CNN just served up this hottest of hot takes to me, as a “related story” to a nice piece about my friend Sister Helen Prejean.
It was written a little over a month ago, back before Arizona botched an execution so badly that it took a couple of hours to execute one of its “callous, depraved, vicious predators,” to borrow a phrase from the piece.
I figured that the #1 way to improve the U.S. death penalty was gong to be “End It” and the remaining four ways would be “See #1”
Instead, Robert Blecker — the author of the piece, a professor at New York Law School — advises us to just work hard at killing smarter and killing better. He says things that likely sound reassuring to him, like “Let’s be more certain that they are guilty.” No, really; that’s one of the ways to improve the death penalty system. As in, we might never be completely certain that someone is guilty, but we can maybe try to be a little bit more certain. Or, at the very least, an improvement would be to actively avoid killing innocent people.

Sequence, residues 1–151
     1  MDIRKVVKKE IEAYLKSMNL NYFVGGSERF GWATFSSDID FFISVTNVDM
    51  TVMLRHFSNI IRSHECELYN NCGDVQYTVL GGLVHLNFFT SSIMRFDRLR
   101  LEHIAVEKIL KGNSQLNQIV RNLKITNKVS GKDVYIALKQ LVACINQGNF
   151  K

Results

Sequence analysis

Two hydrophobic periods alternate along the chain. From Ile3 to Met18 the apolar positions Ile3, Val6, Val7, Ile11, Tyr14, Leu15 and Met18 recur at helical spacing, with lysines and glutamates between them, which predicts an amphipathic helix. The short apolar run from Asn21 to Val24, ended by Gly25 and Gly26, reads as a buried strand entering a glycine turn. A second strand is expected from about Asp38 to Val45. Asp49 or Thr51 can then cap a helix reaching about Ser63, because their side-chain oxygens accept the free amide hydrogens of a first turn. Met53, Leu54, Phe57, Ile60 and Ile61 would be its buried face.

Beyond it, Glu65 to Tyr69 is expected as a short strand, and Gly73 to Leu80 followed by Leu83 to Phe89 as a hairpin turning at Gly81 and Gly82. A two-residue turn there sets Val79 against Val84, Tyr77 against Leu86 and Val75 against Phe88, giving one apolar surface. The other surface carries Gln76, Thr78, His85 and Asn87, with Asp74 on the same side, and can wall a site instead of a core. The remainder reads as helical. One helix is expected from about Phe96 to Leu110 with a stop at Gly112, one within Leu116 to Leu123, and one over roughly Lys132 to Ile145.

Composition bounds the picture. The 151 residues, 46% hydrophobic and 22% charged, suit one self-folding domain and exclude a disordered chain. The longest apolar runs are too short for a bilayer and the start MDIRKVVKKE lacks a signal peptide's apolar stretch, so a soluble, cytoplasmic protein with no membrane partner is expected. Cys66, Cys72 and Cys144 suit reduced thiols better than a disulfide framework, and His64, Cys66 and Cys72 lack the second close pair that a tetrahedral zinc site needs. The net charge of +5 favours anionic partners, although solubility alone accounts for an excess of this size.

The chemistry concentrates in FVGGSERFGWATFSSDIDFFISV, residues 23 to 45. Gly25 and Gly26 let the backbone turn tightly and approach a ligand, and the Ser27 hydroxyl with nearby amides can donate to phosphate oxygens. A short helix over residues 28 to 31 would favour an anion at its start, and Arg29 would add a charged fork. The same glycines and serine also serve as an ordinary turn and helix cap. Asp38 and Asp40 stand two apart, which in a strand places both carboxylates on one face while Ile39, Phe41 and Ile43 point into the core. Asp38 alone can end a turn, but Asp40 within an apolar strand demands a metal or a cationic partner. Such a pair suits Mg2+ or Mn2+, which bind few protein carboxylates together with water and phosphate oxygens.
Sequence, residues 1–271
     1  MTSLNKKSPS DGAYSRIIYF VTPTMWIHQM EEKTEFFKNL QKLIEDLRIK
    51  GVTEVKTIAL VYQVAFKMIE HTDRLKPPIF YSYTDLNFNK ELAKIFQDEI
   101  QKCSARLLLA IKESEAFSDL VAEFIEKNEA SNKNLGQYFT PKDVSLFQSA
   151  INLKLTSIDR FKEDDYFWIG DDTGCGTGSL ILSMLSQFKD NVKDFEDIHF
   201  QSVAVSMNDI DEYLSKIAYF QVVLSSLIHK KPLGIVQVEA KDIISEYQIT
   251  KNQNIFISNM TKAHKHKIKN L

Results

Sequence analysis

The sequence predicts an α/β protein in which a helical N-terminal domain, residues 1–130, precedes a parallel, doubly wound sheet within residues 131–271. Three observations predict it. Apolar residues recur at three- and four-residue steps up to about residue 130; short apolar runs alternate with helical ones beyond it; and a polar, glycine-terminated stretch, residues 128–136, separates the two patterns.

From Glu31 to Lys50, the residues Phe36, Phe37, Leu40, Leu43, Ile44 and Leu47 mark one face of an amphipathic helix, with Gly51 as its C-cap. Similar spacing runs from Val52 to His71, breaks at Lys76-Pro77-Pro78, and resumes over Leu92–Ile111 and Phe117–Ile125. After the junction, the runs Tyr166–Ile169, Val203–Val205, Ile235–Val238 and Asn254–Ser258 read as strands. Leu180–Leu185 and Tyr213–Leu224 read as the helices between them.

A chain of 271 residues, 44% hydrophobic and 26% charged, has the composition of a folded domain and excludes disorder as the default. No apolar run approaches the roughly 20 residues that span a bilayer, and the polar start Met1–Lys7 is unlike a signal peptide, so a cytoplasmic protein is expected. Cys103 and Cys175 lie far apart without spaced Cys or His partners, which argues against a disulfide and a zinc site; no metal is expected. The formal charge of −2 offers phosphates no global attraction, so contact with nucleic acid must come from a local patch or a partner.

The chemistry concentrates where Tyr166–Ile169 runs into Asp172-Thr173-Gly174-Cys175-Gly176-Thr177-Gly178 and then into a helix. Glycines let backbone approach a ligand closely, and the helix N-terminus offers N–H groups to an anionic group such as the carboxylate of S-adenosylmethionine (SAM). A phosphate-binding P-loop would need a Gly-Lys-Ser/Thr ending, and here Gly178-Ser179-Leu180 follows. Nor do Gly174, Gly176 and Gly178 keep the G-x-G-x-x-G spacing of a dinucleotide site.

Anyhow, Blecker’s whole piece — indeed, his whole moral retributivist schtick — just highlights the ridiculousness of the death penalty enterprise. Rather than searching for the fortitude to say, “You know what? We’re better than this,” supporters of state killing instead keep trying to find ways to package vengeance more palatably.
But no matter how many ways you think we can tweak this system to make it better and more effective, no matter how much you say that the worst of the worst deserve the absolute worst we can give them, we’re still going to find ourselves executing those who are poor, or intellectually disabled, or whose victims are most sympathetic to juries. And whether we hang them, shoot them, gas them, electrocute them, cut off their heads, or pump their veins full of poison, there’s no getting around the fact that their deaths make killers of us all.
The death penalty is racist, classist, and morally bankrupt, and the only way to improve it is to abolish it entirely.